It’s Barbie’s world—we’re just living in it. At least, that’s how it’s felt over the past several months since Greta Gerwig’s Barbie hit the global press stage. It’s become a sort of pop culture phenomenon, even before fans ever got an actual look at the film itself. No matter where you go, messages of Barbie are somewhere close by.
From a Barbie Land dreamhouse IRL, to special-edition Xbox consoles, pink Burger King meals, and an unlimited supply of memes (shouts out internet), the amount of marketing the movie amassed would make it seem like it was destined for greatness—and it absolutely was. Even box office projections have Barbie crossing the $100 million mark in the North American box office during its premiere this weekend. Armed with an incredibly stacked cast, a talented director at the helm of her third solo film, and arguably one of the most recognizable children’s toys ever, Barbie is every bit as exciting and playful as you would expect.
The movie opens with a brief overview of the iconic doll’s history to help audiences get familiar with her story. From there, director Gerwig, alongside her partner Noah Baumbach, create a compelling story of navigating the real—and plastic—world to find yourself amid an existential crisis. Together, the two masterfully mix musical numbers with a light and thoughtful script that plays into many of the themes that Barbie has come to represent throughout the course of her existence.
The movie never shies away from the toy’s long and complicated history. It’s honest, self-aware, and fully embraces many of the valid criticisms toy company Mattel (which created Barbie in 1959) has faced over the years regarding the iconic doll. It isn’t always sunny skies and neon pink parties; as one teen tells Barbie, “You’ve been making women feel bad about themselves since you were invented.”
These harsh realities are some of the problems that Barbie, played by the perfectly casted Margot Robbie, has to tackle head on. And she does so in a very introspective way that only the most complex of toys—and actresses—can. Over the course of the film, Barbie’s wide range of emotions, from the highs of greeting her Barbie Land neighbors to the lows of realizing the world isn’t exactly how she had imagined it, are on full display. Underneath Barbie’s perfectly manufactured skin lies deep, genuine, and evocative emotions that show just how difficult it is to be both the picture-perfect icon doll and completely flawed at the same time.
And it would be impossible to talk about Barbie without mentioning her biggest fan, her right-hand man: Ken. Ryan Gosling, who was, quite literally, born to play this role, delivers one of the most convincing and hilarious performances in a while. His enthusiasm for Barbie is radiant, his passion for “patriarchy” is palpable, and his solo musical number is honestly fun to watch. His ken-ergy steals the show every time he comes onscreen. If any performance is going to receive an Oscar nomination, I would put my money on Mr. Gosling himself.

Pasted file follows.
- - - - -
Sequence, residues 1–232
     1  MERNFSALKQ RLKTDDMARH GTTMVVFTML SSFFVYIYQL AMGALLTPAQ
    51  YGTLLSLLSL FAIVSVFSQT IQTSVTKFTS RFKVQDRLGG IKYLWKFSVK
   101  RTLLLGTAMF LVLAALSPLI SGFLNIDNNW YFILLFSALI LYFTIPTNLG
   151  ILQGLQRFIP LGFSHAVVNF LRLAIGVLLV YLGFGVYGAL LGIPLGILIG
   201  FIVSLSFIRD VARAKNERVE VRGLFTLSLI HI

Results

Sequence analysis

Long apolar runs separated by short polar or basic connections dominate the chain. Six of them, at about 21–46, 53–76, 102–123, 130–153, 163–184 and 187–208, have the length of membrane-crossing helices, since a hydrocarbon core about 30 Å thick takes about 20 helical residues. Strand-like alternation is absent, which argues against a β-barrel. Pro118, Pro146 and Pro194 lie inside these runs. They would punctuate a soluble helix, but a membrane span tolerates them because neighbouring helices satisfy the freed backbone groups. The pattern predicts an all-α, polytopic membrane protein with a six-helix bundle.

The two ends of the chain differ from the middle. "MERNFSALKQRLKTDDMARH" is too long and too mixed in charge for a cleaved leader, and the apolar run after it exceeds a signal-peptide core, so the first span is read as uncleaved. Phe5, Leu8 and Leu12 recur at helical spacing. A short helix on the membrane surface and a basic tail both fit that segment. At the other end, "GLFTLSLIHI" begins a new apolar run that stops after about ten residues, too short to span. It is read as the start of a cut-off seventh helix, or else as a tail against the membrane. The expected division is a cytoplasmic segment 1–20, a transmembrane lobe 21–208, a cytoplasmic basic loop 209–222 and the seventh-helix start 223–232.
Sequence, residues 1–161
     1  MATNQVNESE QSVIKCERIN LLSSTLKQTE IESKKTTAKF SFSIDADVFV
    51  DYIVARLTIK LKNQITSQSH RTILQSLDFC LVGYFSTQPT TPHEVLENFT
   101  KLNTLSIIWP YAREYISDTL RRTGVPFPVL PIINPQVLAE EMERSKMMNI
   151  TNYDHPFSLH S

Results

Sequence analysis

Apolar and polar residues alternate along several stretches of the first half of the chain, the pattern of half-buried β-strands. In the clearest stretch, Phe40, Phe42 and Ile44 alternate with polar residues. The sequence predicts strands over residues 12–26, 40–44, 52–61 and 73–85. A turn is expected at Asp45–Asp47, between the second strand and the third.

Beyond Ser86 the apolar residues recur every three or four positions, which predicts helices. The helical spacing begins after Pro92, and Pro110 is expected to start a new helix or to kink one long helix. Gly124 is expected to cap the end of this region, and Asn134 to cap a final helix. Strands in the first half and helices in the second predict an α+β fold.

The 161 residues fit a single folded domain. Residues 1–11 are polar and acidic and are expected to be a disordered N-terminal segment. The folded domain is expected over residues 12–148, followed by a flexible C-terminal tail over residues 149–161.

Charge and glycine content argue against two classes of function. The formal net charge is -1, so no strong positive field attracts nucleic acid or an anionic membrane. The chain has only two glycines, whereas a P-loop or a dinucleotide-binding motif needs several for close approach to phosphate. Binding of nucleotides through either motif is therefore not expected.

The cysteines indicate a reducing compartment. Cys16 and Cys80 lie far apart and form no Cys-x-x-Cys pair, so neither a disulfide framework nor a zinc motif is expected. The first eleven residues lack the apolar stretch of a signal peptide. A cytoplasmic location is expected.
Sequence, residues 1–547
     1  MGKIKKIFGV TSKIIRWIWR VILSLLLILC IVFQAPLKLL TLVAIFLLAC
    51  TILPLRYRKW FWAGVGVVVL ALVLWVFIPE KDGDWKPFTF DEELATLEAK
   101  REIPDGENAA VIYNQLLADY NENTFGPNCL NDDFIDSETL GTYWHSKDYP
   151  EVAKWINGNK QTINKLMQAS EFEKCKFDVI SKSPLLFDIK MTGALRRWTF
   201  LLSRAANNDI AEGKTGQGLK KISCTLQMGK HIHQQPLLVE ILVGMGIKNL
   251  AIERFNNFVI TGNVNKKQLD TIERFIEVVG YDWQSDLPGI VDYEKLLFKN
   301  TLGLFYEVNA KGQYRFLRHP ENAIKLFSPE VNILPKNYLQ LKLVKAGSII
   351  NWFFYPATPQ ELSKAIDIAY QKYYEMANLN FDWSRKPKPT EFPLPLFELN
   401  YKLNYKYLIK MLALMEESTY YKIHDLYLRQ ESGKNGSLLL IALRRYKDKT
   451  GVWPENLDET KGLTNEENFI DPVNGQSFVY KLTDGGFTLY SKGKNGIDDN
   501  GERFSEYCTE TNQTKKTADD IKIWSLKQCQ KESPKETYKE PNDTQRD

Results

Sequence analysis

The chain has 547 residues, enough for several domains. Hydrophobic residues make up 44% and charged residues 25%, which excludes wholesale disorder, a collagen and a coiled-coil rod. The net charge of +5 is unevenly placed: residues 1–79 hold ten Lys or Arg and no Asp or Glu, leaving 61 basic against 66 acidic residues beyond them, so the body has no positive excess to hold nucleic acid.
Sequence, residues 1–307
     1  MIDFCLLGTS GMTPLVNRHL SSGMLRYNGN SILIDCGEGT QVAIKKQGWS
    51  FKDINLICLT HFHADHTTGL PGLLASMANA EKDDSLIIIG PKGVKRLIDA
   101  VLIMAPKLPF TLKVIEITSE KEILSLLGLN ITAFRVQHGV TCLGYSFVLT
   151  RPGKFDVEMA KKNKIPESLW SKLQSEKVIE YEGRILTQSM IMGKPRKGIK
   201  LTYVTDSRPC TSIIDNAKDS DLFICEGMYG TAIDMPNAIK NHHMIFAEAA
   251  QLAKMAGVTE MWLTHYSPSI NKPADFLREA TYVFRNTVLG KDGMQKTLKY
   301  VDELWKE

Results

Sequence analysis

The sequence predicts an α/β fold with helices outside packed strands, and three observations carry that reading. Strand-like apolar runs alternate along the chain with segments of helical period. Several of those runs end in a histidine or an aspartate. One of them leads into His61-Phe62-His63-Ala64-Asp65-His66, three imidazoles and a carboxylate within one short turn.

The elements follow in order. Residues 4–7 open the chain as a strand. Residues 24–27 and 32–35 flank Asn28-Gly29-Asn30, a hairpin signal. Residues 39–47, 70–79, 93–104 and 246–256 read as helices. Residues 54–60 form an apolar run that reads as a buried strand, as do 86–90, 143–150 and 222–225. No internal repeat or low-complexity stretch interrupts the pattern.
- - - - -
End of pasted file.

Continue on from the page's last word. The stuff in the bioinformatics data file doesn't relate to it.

The supporting characters around Barbie and Ken, an ensemble cast of some of the most talented figures in Hollywood, also help make this movie feel even more special than it already is. There’s no shortage of superstar acts; from Issa Rae’s role as President Barbie, to Michael Cera’s hilarious rendition of Allan, there is just a nonstop flow of incredible acts to admire. My only complaint is that some of these stars don’t get the screentime they deserve. But alas, maybe, for a future sequel.
The world of Barbie Land is also an incredible accomplishment in its own right. It’s fully immersive, in every way imaginable. It isn’t just the fully constructed cul-de-sac of Barbie Land mansions, the overwhelming presence of pink paint (that actually caused an international shortage of the product), or the 40 different outfit changes that Robbie’s Barbie character goes through. It was the way in which the entire set is utilized to feel as if it were purchased straight from the racks of a toy store and dropped into a magical space that is Barbie Land. It truly is a technical masterpiece of the 21st century that showcases just how important it is to get every detail right.
It would be a disservice to the film to talk about it without mentioning the soundtrack, which is just as equally as stacked as the cast. To do a proper Barbie movie, it’s got to be done big—and nothing has been held back on the tunes. Nicki Minaj and Ice Spice, Dua Lipa, Lizzo, Billie Eilish, Dominic Fike, these are just a few of the names that grace the film’s official Barbie: The Album soundtrack. Aside from just pure entertainment, the songs are neatly placed into the movie to help keep the pace and energy alive.
All in all, Gerwig’s Barbie is a must-see blockbuster film, arriving right on time for summer. It’s rife with A-list talent, hilarious and witty jokes, and powerful messages of female empowerment that Barbie has championed for years, which are critical in today’s discourse. As Rhea Perlman’s Ruth Handler character says: “Humans only have one ending. Ideas live forever.”